Russian Ratification of the Kyoto Protocol: Green Light for CO2 Cuts
Russia held the key to the Protocol - the world’s only international agreement to reduce CO2 emissions, the main greenhouse gas - after the U.S. pulled out of the agreement in 2001. 127 countries have now ratified the treaty which sets binding limits on emissions for industrialised countries.
"After two and a half years, Russia has finally seen the light and helped bring the Kyoto Protocol into reality," said Alexey Kokorin, head of the WWF-Russia climate change programme. "This is a clear indication that the Kyoto Protocol makes good sense for Russia on all levels - for business, for the environment and for the people."
The entry into force of the Protocol means that CO2 will now have a monetary value. Countries and companies, in the Kyoto system, will have to factor in this new cost when balancing their books, making a strong economic case for cleaner and more efficient forms of energy. Under the Kyoto Protocol, countries that exceed their targets will face binding consequences, thus creating the incentive to comply.
"Entry into force of the Kyoto Protocol is the biggest step forward in international environmental politics and law that the world has ever seen,” said Jennifer Morgan, Director of the WWF Climate Change programme.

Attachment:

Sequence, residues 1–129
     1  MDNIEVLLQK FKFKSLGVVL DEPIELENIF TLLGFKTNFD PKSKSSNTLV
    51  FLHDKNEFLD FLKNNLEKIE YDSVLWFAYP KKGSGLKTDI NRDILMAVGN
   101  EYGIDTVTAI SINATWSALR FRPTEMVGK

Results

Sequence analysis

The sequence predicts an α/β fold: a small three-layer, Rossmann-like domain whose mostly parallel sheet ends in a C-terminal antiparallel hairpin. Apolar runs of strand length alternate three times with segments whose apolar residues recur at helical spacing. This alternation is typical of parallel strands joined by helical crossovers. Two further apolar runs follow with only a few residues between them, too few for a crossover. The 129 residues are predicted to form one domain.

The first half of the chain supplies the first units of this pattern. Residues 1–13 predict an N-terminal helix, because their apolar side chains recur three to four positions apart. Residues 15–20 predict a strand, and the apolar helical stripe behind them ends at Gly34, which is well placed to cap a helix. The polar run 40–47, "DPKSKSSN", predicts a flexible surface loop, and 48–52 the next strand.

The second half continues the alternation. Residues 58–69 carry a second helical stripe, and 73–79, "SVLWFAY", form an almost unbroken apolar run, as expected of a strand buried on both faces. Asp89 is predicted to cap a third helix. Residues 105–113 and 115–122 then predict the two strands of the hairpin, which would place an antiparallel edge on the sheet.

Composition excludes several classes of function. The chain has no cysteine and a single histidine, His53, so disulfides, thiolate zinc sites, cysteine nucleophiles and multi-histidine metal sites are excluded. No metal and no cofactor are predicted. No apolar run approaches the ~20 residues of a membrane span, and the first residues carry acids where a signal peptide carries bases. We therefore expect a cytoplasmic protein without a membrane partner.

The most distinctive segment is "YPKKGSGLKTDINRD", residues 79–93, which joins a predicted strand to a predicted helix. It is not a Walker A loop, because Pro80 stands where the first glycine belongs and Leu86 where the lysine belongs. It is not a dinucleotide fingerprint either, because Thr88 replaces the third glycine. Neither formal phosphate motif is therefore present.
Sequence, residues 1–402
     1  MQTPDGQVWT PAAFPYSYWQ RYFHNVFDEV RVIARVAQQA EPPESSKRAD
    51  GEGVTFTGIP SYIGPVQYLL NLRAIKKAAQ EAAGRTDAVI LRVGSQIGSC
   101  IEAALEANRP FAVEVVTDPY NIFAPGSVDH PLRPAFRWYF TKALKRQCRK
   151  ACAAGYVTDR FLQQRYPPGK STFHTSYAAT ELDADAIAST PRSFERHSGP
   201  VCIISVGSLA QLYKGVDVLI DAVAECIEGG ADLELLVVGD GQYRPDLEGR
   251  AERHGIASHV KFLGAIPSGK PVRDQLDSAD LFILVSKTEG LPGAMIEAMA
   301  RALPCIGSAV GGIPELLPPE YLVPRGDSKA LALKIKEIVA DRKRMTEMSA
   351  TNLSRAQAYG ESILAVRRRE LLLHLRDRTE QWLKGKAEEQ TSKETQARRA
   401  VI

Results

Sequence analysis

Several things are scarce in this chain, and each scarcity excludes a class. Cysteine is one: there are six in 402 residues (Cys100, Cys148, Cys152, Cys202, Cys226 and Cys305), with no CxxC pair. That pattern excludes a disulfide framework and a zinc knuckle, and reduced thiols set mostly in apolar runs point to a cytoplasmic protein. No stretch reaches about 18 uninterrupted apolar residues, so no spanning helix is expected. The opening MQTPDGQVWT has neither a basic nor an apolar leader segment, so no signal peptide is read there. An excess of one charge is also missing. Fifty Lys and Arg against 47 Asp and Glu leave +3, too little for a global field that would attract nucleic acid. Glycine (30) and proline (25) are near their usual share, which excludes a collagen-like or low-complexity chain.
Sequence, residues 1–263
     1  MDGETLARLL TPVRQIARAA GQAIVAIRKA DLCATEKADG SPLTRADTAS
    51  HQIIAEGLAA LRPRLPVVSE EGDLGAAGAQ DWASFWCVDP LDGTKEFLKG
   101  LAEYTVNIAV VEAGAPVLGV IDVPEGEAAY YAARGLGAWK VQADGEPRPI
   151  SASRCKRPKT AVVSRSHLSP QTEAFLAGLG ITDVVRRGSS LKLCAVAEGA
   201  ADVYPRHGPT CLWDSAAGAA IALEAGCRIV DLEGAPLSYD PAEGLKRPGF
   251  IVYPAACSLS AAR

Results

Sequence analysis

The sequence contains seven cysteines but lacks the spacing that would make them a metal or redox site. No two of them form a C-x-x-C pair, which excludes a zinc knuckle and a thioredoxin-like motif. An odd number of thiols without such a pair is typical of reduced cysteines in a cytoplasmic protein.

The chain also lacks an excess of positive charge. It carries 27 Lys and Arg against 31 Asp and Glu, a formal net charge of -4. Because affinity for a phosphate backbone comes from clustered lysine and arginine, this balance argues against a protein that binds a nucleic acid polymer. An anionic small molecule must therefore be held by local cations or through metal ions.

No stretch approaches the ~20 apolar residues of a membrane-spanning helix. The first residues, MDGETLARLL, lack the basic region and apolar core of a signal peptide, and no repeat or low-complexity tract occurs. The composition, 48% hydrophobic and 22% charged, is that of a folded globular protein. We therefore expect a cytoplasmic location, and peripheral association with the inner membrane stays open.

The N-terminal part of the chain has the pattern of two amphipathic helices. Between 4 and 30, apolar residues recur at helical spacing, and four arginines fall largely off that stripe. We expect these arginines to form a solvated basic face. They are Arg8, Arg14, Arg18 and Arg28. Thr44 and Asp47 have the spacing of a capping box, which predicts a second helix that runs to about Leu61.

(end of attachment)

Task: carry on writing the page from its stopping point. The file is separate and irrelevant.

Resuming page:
Having declared the death of the Kyoto Protocol early on in its Administration and often thereafter, the U.S. government is now witnessing a true rebirth, and will be left standing on the sidelines as the rest of the world gets on with it.
"The enemies of Kyoto must be drowning their sorrows today,” said Jennifer Morgan, Director of the WWF Climate Change programme. “Russian ratification and entry into force demonstrates the political will, globally, to tackling this urgent and enormous problem. The challenge now is to ensure it is implemented and enforced.”
The Kyoto commitments must be implemented by 2012. Negotiations to determine further emissions cuts for the period thereafter are required, under the Kyoto Protocol, to start no later than 2005. In order to stay below the dangerous temperature rise of 2 degrees, future negotiations will have to ensure much deeper and faster cuts than are included in the first round of the Kyoto Protocol.